Two environmental mandates that have a significant impact on the electronics industry advanced forward this week.
In China, the Ministry of Industry and Information Technology (MIIT) published the latest proposals on the so-called “China RoHS” rule. Similar to the EU's Restriction on Hazardous Substances, China RoHS regulates the use and disposal of certain hazardous materials in the manufacturing of electronics.
The proposals include further clarification on the definition of Electrical and Electronic Equipment (EEE) and are along the lines of RoHS in the European Union.
According to Gary Nevison, head of Legislation & Compliance at Premier Farnell/element14:
- The product scope moves from Electronic Information Products (EIPs) to EEE similar to the EU, and as a result, many home appliances and electronic toys that fell out of scope of EIPs will be regulated under the new proposals.
The new proposals require that manufacturers and importers of electrical and electronic products provide information about the impact of a product on the environment and human health when the product is misused or disposed of in addition to the name and concentration of hazardous, the name of parts that contain hazardous substances, and whether a part or product can be recycled.
Under previous proposals, products listed in the Key Administrative Catalogue for the Pollution Control of EIPs, would need to be tested by one of the approved labs in China and obtain China RoHS Certification (CCC) accreditation.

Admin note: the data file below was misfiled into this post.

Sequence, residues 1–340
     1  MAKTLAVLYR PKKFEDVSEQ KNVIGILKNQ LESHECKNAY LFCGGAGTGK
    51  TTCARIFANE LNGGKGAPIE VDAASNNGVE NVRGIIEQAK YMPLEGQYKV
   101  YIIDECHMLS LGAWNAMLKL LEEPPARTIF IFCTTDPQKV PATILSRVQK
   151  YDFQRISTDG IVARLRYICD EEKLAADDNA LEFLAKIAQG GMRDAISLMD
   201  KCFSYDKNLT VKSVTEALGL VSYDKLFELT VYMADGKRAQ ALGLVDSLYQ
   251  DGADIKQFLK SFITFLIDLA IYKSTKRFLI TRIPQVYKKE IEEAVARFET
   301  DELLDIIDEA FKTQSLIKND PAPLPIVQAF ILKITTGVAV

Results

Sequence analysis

Under the new China RoHS proposals, the Catalogue will be renamed as the Target Administrative Catalogue for the Pollution Control of Electrical and Electronic Products. Various government bodies will set a timeline to prohibit the use of certain hazardous chemicals for the products listed in the catalogue.
The proposals are open for consultation until July 10.
In the US, revisions to the 2008 Definition of Solid Waste (DSW) were discussed by industry association IPC and the Environmental Protection Agency (EPA). The EPA has proposed changes to the Resource Conservation and Recovery Act (RCRA) DSW rule. The IPC is encouraging provisions for secondary materials recycling be included in the upcoming revision.
According to the IPC, wastewater treatment sludge from electroplating is one of the largest sources in the United States of untapped metal-bearing secondary materials that can be recycled. Many of these materials are put into landfills because of EPA hazardous waste regulations.
More than 9.7 million pounds of copper were landfilled — rather than recycled — in 2010, according to the IPC. The 2011 proposed changes to the solid-waste rule would continue to inhibit the recycling of materials by imposing unnecessary burdens, the association adds.
IPC leaders are encouraging the EPA to include transfer-based exclusion and remanufacturing exclusions in the revision.